Mayflower Bowl overflows with scenery. Just like Jordanelle ski run, this bowl overlooks the reservoir and towers over the beautiful Heber Valley. This time, we’re no longer in the “blue” category, but in the single and double black diamond class. A snowy or very cold day is the best time to enjoy the Mayflower Bowl to take advantage of the best possible powder conditions. The bowl can be accessed on skiers’ right from the first third of Stein’s Way ski run. After crossing the entry gate, you find yourself standing on a mostly convex slope that conceals what lays beneath the horizon.

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Watch for some of the avalanche control craters and begin your descent. Soon what you thought was already pretty steep becomes even steeper. You have now committed to the Mayflower Bowl and the rest of the run comes in to full view: a seemingly never ending open space that gradually goes from extremely steep to gentle, before vanishing into the aspen groves below. The run is engaging, stimulating, seems endless and forever fun!

On a snowy day or right after a major snow fall, this is a “must-ski” trail for any powder hound worth their salt! You don’t generally run “laps” on Mayflower Bowl. Once is a good measure; twice perhaps if you decide to venture into the nearby chutes, to skiers’ right, another double black diamond. 

DThen, there is spring skiing, when powder turns to corn. It brings another totally different experience that is quintessentially “Deer Valley”. It is best consumed in the morning when the sun has just begun to bake the spring snow and when the ski edges can get a good grip into the buttery snow surface. Like skiing the bowl in powder, it’s a unique feeling too, but this time the sensations can be totally different!

Ruins of Pompeii is a black diamond ski run that begins at the top of Bald Mountain and drops you to the lower part of Tycoon ski run and ends up at the base of Sultan Express chairlift. Until this season, I wasn’t particularly infatuated by this ski run, but it has grown on me to the point that I have now become a fan of its varied terrain.

dvr-5run8aThe entrance to Ruins of Pompeii ski run is hidden from views behind a curtain of pine trees. As you poke your head through them, you soon appreciate the steepness below and begin studying a safe spot for your first turn! The initial pitch is super steep and there are even a few trees interspersed in the middle to make linking turns even more challenging!

DThis part is followed by a gentler slope where most skiers are allowed to regain their composure before it transitions toward trees to skiers’ right, or continues down the rest of the trail into a long gully, to the left. The latter is the complete run and is guaranteed to focus one’s energy and attention until the trail merges with Tycoon ski run, one-third of the total distance away from Sultan Express chairlift. An alternative is to take Peerless ski run, through the trees, and rejoin Perseverance Bowl. I choose this option half of the time, because I find it more varied and since I adore skiing in the forest, much more!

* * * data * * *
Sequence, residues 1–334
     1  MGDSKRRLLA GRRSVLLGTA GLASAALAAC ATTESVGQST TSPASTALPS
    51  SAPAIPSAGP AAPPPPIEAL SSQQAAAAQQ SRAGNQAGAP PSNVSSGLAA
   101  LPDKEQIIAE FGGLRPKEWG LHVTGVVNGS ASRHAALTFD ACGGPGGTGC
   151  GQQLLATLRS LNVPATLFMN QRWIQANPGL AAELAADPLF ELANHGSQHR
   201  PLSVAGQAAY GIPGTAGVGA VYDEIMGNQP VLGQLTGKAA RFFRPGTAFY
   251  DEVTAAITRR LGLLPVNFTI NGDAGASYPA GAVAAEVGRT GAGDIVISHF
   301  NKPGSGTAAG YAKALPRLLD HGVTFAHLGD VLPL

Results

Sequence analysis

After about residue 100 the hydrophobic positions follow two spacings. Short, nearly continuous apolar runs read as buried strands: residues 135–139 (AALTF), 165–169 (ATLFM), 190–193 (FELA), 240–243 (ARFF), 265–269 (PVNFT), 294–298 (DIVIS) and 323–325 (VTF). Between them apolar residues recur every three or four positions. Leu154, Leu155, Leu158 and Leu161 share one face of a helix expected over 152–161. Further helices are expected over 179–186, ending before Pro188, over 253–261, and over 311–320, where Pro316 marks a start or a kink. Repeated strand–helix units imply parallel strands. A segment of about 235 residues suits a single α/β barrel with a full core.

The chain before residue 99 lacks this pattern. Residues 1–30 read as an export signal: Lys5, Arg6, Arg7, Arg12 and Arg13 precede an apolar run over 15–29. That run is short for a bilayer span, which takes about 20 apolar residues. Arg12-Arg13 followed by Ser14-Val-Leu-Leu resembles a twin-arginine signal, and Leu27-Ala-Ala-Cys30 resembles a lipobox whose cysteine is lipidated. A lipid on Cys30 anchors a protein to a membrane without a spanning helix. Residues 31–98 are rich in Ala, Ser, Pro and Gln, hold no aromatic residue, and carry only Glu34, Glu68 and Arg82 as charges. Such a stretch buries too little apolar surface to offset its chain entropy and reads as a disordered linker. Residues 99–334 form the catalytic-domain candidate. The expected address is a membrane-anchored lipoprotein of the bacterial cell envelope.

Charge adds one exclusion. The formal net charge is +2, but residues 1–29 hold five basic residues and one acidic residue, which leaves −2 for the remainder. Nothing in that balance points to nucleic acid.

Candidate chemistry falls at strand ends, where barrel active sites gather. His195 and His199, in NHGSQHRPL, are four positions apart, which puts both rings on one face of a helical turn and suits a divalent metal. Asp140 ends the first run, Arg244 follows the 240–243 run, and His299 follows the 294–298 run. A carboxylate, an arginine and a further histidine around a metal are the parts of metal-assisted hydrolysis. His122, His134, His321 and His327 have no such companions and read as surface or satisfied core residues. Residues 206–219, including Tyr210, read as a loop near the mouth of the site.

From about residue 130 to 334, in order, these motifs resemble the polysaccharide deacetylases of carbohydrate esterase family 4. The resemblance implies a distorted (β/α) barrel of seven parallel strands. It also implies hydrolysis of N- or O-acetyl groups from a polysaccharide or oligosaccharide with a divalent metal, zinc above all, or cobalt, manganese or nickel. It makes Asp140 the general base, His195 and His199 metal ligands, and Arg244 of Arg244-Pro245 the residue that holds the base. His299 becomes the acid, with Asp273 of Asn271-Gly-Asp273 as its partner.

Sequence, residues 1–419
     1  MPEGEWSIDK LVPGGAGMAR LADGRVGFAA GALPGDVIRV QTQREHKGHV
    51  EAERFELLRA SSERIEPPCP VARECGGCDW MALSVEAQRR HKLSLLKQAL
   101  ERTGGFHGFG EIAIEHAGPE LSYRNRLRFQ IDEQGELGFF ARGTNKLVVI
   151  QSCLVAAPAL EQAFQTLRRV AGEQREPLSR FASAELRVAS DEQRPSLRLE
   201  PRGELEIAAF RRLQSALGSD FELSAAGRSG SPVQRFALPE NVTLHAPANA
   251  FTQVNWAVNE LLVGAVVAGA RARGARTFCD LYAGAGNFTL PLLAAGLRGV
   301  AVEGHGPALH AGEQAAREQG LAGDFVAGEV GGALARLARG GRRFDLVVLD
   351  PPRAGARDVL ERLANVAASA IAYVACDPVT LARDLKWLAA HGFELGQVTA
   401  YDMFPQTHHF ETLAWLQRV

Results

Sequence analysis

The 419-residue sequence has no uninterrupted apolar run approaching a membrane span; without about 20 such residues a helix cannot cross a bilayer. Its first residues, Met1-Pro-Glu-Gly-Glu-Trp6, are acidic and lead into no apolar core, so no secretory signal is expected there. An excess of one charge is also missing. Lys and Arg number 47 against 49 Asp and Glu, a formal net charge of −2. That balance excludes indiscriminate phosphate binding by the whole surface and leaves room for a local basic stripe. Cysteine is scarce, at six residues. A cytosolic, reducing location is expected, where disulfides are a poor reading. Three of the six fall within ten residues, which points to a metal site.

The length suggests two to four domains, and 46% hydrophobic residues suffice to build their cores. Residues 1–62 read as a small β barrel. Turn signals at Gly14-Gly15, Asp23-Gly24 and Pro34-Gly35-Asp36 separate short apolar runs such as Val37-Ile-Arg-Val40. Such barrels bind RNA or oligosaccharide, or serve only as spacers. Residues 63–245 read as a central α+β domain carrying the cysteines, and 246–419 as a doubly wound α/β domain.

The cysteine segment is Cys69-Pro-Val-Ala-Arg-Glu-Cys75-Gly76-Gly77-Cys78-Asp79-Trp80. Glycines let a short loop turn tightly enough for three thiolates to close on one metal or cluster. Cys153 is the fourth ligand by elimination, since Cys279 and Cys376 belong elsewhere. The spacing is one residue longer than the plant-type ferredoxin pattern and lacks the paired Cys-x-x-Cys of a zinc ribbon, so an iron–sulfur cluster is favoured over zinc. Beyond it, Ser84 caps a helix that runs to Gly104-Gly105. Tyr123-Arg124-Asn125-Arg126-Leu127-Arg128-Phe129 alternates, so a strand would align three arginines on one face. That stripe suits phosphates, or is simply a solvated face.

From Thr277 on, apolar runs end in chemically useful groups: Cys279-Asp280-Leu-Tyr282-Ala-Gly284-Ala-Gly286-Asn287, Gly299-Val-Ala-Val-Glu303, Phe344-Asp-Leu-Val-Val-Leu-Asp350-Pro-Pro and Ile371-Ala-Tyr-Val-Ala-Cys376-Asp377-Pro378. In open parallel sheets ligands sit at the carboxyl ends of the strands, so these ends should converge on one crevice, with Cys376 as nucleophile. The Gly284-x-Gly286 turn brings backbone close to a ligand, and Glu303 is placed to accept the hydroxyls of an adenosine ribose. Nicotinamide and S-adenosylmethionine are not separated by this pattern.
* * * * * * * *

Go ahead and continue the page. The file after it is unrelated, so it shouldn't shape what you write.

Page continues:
dvr-5run9For me, Centennial Trees is the holy grail of tree skiing at Deer Valley Resort. This double diamond begins skiers’ right, at the top of Lady Morgan Express chairlift. It’s only trees and it’s very challenging, always fun, and filled with surprises. The top is forested with large pine trees and can get quite bumpy as each turning spot is marked by a giant evergreen. After a major snowfall, though, the moguls disappear and this the best time to enjoy it!

The middle portion of the descent brings some gentler grade and transitions from the pine tree forest into aspen grove. Every tree is an open invitation to weave your way around it and an opportunity to search for the next possible turn. It never stops, it’s relentless and, in our mountain parlance, it’s a true “ski-turner!” The lower segment of the trail keeps on running through the aspens while plunging into a gully that demands a last-ditch effort and some extra nimbleness.

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Unlike most trails, this one isn’t over until it’s over, as total focus is necessary to keep control and remain standing on the skis. Each season, the Deer Valley “Glading Team” has been enlarging Centennial’s skiable acreage by opening more paths and increasing the number of options available to skiers. If you love double-diamond tree skiing, don’t miss it!

Tips For Beginners: Ski With Friends Who Are Better Skiers Than You Are

There is nothing worse for a beginner than to let yourself get dragged up the mountain to runs that are more advanced than your ability. Just when you are building up your confidence, you can lose it quickly!

Picture this, you’ve been taking lessons and practicing your skills. You’re feeling pretty good about yourself. Your well meaning friends, who’ve completely forgotten what it’s like to be a beginner and don’t realize where you are skill-wise, say…

“Oh, you can do that run.”

Followed by,

“I’ll take you.”

A little voice inside your head is telling you not to go. Your ski instructor just got through explaining that skiing is an individual sport and suggested you to work on your new skills before heading to the top of the mountain. Set them to muscle memory! Going to more challenging terrain often makes you revert to bad habits, wiping out what you’ve just learned.